Founding an alms house had to be backed up considerable funds. Thomas Jakenett built a ‘ a high chamber over the alms houses to be let at a yearly rate to provide for repairs to the property.’ When his heirs defaulted or died St Mary the Great’s churchwardens took over. Matthew Stokys left a tenement and land in Chesterton in perpetuity to maintain his alms houses, and Edward Storey set up a trust based on his property. Elizabeth Denny left capital of £440 to build the alms houses, added to her with gifts from kin. By the 19th century this was exhausted. When the alms houses were moved to King Street management was taken over by the Cambridge United Charities, which also owned the St Radegund public house next door, with profits going towards the alms houses’ maintenance.
Who qualified to enter an alms house? Usually those admitted were poor, single godly people. It was not until the 20th century that a more enlightened attitude appeared. In 1913 Miss Adelaide Waters built 6 alms bungalows in Seymour Street for married couples, and in 1978 the Cambridge United Charities built a block of flats in John Street to accommodate those in need.
In the medieval and early modern periods once you had a place in an alms house shelter, food, drink, fuel and clothing was assured. The women in Matthew Stokys alms houses received 8d a week, plus 8s to buy material to make a gown at Stourbridge Fair, to wear when they went to church. Inmates of Storey’s alms houses received £10 a year each, plus a grey gown, and 2 pairs of shoes and stockings at Christmas and New Year.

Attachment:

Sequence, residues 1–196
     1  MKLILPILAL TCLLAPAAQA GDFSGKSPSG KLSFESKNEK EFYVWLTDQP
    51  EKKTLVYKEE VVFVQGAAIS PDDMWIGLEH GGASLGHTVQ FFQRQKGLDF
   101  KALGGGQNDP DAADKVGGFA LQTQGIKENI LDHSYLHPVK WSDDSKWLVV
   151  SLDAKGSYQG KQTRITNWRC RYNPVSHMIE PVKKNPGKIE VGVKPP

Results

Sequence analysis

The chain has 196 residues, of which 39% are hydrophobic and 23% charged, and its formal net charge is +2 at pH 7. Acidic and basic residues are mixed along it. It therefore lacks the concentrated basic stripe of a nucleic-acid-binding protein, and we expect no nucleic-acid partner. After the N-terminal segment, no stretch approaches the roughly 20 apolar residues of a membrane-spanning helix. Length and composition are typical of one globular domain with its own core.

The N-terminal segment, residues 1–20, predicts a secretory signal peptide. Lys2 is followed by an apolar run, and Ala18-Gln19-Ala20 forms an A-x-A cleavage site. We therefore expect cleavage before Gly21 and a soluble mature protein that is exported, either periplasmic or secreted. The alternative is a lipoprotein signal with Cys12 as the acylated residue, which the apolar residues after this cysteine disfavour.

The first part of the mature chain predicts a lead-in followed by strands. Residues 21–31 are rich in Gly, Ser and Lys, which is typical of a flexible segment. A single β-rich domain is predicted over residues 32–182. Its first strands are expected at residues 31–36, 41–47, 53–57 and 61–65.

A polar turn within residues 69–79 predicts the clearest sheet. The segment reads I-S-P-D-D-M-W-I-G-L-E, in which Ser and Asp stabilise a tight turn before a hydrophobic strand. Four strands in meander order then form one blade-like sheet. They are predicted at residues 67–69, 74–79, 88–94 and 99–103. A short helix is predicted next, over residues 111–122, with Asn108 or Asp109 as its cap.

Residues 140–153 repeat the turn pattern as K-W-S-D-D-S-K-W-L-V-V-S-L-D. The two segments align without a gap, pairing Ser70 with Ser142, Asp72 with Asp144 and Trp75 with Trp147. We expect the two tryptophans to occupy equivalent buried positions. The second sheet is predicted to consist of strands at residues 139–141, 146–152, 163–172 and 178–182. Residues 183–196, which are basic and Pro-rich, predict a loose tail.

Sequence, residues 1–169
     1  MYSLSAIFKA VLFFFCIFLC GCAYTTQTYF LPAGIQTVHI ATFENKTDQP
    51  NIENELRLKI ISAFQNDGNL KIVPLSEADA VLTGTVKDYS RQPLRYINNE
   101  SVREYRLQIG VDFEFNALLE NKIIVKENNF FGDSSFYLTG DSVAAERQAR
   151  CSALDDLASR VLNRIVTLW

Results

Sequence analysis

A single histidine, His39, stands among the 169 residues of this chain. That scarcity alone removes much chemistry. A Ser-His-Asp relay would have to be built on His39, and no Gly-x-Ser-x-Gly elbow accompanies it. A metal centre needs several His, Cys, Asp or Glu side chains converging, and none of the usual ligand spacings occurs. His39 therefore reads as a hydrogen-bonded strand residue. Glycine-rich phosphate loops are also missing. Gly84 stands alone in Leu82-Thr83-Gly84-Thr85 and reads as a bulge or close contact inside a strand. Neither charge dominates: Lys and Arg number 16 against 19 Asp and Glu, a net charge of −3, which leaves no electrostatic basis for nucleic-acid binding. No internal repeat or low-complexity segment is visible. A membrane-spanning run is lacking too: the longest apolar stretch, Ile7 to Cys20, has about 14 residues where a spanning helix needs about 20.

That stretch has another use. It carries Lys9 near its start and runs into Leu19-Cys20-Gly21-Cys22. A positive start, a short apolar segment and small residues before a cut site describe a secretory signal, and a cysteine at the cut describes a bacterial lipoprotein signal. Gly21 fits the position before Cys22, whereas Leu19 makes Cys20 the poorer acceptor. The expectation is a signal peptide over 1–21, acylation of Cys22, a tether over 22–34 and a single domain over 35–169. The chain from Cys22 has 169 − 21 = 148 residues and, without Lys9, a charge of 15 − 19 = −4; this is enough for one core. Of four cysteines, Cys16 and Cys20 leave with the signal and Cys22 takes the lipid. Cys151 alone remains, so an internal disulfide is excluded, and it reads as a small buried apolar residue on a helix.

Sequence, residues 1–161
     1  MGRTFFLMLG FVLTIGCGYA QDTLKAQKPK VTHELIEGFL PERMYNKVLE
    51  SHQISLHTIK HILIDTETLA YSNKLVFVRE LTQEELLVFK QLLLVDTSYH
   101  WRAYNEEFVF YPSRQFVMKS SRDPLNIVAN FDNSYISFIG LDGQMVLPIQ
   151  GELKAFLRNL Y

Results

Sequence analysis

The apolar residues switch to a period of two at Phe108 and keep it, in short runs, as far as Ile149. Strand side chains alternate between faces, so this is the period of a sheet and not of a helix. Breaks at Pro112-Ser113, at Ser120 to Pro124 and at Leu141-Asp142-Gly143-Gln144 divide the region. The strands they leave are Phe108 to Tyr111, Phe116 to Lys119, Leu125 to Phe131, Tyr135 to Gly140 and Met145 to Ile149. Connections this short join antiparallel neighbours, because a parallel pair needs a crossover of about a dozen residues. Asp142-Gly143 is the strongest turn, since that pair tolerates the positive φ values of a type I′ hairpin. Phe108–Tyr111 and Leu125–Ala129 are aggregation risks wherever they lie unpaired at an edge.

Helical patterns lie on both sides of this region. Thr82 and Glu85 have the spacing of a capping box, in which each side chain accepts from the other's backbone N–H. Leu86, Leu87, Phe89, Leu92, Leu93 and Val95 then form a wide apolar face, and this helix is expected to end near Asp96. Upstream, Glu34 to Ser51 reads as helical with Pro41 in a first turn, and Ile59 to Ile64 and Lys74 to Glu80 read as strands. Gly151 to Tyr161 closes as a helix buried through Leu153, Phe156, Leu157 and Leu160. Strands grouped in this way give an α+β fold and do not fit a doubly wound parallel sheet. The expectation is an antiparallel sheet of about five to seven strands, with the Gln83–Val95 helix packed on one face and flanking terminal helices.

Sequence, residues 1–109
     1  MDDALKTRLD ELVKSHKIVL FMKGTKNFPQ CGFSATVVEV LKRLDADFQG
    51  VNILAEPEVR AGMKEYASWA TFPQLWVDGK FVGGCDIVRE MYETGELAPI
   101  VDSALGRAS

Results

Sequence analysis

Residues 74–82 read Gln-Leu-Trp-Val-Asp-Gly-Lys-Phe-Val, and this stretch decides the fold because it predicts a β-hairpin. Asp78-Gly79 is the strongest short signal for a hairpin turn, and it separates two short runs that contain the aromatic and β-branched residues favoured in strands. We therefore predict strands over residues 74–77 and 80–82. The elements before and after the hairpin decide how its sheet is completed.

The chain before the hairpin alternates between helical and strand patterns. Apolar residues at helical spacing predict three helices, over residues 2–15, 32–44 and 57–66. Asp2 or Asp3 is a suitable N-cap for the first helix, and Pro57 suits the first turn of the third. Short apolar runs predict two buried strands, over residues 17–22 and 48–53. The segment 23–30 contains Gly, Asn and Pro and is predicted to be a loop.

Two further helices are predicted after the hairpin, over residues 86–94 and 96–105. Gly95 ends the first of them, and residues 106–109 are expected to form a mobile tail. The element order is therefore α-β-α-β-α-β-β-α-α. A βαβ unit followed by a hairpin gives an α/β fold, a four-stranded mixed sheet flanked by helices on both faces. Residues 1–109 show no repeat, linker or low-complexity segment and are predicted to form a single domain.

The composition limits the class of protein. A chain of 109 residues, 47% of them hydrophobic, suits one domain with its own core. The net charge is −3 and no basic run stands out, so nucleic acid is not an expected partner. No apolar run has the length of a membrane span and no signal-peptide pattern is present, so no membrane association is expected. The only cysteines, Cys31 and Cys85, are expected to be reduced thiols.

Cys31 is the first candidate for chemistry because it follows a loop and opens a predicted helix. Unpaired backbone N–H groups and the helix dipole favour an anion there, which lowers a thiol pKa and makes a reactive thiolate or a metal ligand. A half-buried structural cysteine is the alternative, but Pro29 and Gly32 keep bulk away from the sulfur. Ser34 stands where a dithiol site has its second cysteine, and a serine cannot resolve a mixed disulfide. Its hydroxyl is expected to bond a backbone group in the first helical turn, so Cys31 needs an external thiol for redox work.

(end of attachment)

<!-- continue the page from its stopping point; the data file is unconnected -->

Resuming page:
Storey’s alms houses were divided between poor single or widowed women from St Giles and St Peter’s parishes, and the widows of Church of England clergymen who were housed in the building shown above.
The main difference between going into an alms house and relying on the parish was that the alms people were treated as individuals, for example Knight’s bequest stated that there should be 6 separate hearths so that each occupant had her own. Alms house buildings were in better condition that much of Cambridge’s housing. For example Mathew Stokys alms houses were to be made of brick and stone, and to have convenient windows and good easy steps old and impotent folk. Edward Storey told his trustees to build of brick with tiled roofs, each to have a downstairs room with a chimney and buttery, and an upstairs bed room.
How did alms houses related to the general policy on poverty. Changes in legislation meant that the parish became responsible for its paupers under the Old Poor Law, and by 1662 relief was only available from a parish of legal settlement. As the Old Poor Law fell apart due to the over whelming number of poor, so the New Poor Law ushered in the Bastille type work houses. Through all of this alms houses stood outside the national legislation on poverty and were examples of private enterprise and social relief.
So far as Cambridge is concerned there was always a large under-belly of poverty despite the wealthy colleges and merchants, but the alms houses could only deal with a small and select number of the poor, perhaps 50 or 60 at the most, and they would have been respectable deserving poor.
Even today alms houses are desirable residences in Cambridge – as for example the Storey alms house on Mount Pleasant.